California-based clothing company 686 has announced the addition of Parker White to its team—a team that, until today, was comprised entirely of snowboarders.
This announcement comes in congruence with 686’s recent decision to branch out of snowboarding to focus on wintersports in a broader sense; the brand hopes to welcome additional skiers to its roster of sponsored riders and by extension, expand its customer base.
“At most shops, we already see 686 on the cusp in between skiing and snowboarding,” says Brent Sandor, the company’s vice president of marketing. “We have a history as a core snowboarding brand but we have been evolving since the inception of our GLCR outerwear three years ago. It’s really right on the edge, so we can take advantage of being on that cusp and we are excited to let skiers know we’re all-in with Parker.”
It’s no secret that skiing and snowboarding outerwear is really no different at the end of the day; every brand does its best to make products that will withstand the harshest of winters. Pat McCarthy, 686 team manager and field marketing coordinator, says the brand is ready to embrace that idea and break into new territory.
“As we were developing our new GLCR Collection, we realized our brand should be more about mountain culture and mountain people, not just snowboarders,” he says. “We want 686 to be more of a brotherhood amongst people enjoying the outdoors, and not be fueling any sort of separation.”
Brent, Pat and the rest of the team decided that starting out by supporting just one athlete would be the best way to move forward with its new vision. Parker White proved to be the ideal fit. His name first came up through talks with Forest Bailey, one of 686’s snowboarding athletes who grew up with White in Vermont.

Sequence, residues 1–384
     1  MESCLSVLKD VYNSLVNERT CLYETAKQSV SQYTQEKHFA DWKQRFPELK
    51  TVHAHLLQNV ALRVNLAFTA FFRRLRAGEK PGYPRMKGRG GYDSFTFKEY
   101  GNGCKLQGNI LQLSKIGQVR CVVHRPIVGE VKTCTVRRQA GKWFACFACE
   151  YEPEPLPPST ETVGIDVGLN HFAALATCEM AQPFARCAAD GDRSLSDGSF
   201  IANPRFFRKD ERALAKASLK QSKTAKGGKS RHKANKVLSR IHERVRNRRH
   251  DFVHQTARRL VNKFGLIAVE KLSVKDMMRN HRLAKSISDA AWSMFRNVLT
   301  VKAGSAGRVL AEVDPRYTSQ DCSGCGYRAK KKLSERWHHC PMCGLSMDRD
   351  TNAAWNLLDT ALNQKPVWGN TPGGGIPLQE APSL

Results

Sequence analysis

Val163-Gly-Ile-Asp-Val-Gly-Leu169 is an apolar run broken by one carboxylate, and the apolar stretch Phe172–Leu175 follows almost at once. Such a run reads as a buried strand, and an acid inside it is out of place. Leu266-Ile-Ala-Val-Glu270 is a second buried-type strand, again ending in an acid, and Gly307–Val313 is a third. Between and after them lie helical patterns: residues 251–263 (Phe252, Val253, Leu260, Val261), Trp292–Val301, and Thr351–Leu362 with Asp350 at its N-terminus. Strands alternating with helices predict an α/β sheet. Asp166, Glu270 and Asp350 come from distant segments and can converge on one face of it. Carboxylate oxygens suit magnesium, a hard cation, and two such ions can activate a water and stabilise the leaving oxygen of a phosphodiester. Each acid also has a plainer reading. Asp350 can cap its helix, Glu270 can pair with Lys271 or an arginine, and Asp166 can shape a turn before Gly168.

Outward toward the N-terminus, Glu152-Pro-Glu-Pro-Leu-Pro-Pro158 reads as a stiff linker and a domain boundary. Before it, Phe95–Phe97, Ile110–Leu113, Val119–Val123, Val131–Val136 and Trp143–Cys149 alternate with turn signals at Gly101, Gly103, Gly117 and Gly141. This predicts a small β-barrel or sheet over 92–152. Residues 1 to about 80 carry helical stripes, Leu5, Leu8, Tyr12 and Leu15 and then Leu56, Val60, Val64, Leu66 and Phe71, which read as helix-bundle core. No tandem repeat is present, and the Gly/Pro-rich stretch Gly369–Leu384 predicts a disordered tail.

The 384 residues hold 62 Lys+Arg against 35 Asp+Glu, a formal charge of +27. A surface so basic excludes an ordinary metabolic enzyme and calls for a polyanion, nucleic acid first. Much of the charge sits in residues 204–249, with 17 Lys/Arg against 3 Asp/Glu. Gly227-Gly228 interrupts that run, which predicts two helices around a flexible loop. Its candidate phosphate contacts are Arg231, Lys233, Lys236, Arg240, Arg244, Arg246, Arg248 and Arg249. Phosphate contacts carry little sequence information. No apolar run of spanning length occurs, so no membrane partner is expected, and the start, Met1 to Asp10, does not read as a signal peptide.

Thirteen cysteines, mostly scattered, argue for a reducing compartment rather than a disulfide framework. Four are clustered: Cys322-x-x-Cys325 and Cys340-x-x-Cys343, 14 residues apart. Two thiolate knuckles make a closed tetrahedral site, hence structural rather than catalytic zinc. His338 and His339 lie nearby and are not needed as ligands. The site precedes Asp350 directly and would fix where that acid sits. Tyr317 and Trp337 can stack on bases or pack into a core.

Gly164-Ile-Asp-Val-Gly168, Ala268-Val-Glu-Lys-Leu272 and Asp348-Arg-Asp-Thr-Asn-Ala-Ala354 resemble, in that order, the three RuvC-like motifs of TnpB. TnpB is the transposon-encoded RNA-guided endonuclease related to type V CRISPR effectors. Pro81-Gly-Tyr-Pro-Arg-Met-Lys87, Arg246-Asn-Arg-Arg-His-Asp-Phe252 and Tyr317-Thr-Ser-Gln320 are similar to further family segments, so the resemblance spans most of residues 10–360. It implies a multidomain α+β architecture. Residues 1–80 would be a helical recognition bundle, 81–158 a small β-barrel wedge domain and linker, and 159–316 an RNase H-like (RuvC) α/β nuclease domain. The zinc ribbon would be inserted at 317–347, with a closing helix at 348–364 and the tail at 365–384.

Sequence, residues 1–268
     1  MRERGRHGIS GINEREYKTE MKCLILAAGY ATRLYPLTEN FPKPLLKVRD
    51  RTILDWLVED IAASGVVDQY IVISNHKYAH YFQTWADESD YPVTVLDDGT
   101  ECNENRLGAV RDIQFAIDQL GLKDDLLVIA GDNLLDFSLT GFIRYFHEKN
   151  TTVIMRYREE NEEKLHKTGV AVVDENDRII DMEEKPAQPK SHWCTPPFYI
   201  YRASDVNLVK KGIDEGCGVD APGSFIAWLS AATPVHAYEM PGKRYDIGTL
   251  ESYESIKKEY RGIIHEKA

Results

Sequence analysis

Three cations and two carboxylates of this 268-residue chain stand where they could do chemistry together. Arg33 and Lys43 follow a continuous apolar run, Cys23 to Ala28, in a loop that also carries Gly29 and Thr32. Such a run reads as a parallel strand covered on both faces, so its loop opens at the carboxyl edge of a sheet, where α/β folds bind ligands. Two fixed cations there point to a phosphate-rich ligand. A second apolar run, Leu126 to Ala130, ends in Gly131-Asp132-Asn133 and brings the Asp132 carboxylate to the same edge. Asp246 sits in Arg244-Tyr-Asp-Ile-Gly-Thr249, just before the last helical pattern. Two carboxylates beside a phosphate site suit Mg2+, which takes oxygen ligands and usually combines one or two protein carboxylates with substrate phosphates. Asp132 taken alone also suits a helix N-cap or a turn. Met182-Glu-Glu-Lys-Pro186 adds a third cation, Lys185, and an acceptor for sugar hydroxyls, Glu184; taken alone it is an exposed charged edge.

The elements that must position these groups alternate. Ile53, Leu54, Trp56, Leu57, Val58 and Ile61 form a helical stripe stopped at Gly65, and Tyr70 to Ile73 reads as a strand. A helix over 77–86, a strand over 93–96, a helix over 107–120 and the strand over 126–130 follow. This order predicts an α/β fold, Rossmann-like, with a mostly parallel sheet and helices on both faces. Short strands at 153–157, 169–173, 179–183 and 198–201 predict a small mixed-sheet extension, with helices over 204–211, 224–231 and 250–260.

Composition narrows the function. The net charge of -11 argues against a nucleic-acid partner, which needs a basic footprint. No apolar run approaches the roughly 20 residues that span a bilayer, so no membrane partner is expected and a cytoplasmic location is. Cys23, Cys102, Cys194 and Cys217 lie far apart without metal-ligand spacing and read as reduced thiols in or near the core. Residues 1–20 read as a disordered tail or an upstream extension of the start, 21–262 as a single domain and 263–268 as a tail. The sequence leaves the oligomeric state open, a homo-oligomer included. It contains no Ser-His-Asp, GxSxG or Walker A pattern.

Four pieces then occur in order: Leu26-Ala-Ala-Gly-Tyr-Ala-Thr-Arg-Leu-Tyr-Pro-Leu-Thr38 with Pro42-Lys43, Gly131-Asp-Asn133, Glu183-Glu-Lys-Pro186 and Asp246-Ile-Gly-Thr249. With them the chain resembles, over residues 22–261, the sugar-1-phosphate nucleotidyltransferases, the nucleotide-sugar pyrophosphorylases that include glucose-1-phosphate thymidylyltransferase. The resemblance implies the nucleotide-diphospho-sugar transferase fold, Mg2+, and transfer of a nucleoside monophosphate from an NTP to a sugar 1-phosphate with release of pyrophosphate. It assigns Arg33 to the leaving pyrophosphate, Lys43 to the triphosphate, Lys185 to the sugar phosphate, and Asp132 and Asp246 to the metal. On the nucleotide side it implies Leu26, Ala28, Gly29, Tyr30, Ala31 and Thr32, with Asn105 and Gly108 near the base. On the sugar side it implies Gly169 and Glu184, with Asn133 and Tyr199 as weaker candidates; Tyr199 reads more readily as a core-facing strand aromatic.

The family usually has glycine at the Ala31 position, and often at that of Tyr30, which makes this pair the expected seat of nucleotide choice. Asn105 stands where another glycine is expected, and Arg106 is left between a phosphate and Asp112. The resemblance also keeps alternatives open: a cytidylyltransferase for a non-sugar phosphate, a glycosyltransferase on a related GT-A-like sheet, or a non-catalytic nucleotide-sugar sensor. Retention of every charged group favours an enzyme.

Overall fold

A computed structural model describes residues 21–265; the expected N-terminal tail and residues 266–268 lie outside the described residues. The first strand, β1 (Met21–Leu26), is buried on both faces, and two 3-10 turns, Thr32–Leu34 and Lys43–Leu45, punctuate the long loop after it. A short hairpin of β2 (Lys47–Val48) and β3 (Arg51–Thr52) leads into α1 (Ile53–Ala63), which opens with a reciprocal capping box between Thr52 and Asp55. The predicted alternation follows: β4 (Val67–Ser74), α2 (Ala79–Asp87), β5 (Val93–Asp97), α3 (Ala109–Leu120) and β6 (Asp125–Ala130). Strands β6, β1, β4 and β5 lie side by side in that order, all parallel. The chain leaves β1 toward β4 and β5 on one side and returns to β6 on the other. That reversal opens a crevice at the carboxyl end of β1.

“[Bailey and White] were just a couple of groms growing up together,” says McCarthy. “They never looked at each other as different, they just were stoked to go hit the mountain, skate afterwards and be around each other. It seems like the perfect synergy to bring them together on the 686 team, while not putting a big emphasis on the whole skier versus snowboarder thing.”
The staff at 686 trusted Forest’s word and brought Parker down to their Gardena, California headquarters a couple of times over the summer to talk business and get to know each other. Things clicked immediately for both parties.
“Right off the bat, it was just so easy, so mellow and just felt like such a good fit with all those dudes,” says White. “It wasn’t weird at all. I just went in there and everyone made me feel super at home right away. I had a bunch in common with a lot of the people and was just stoked.”
White shares the mentality with 686 that splitting up skiers and snowboarders in any way is a waste of time. After growing up with Bailey and spending time with many other one-planking friends, the divide doesn’t make sense to him.
“At the end of the day, there shouldn’t be any weird ego or animosity over something as petty as a sport. To me, that’s just bizarre,” he says. “They’re  making this big push into skiing, yeah, but they’re also just bringing on more like-minded individuals and they’re not discriminating about sports.”
Looking ahead, 686 wants to continue with its swift push into skiing largely by leaning on White. Much like they’ve let Bailey help bring snowboarders onto the team, they’ll count on White to find skiers who fit the mold.
“We’re going to do this organically, not through buying a ton of riders, media or events,” says Sandor. “Throwing a ton of money at a goal and hoping it works has been kind of a shame for a lot of brands. We’re trying to grow through the seed that is Parker White.”
A wise seed to plant, if we don’t say so ourselves.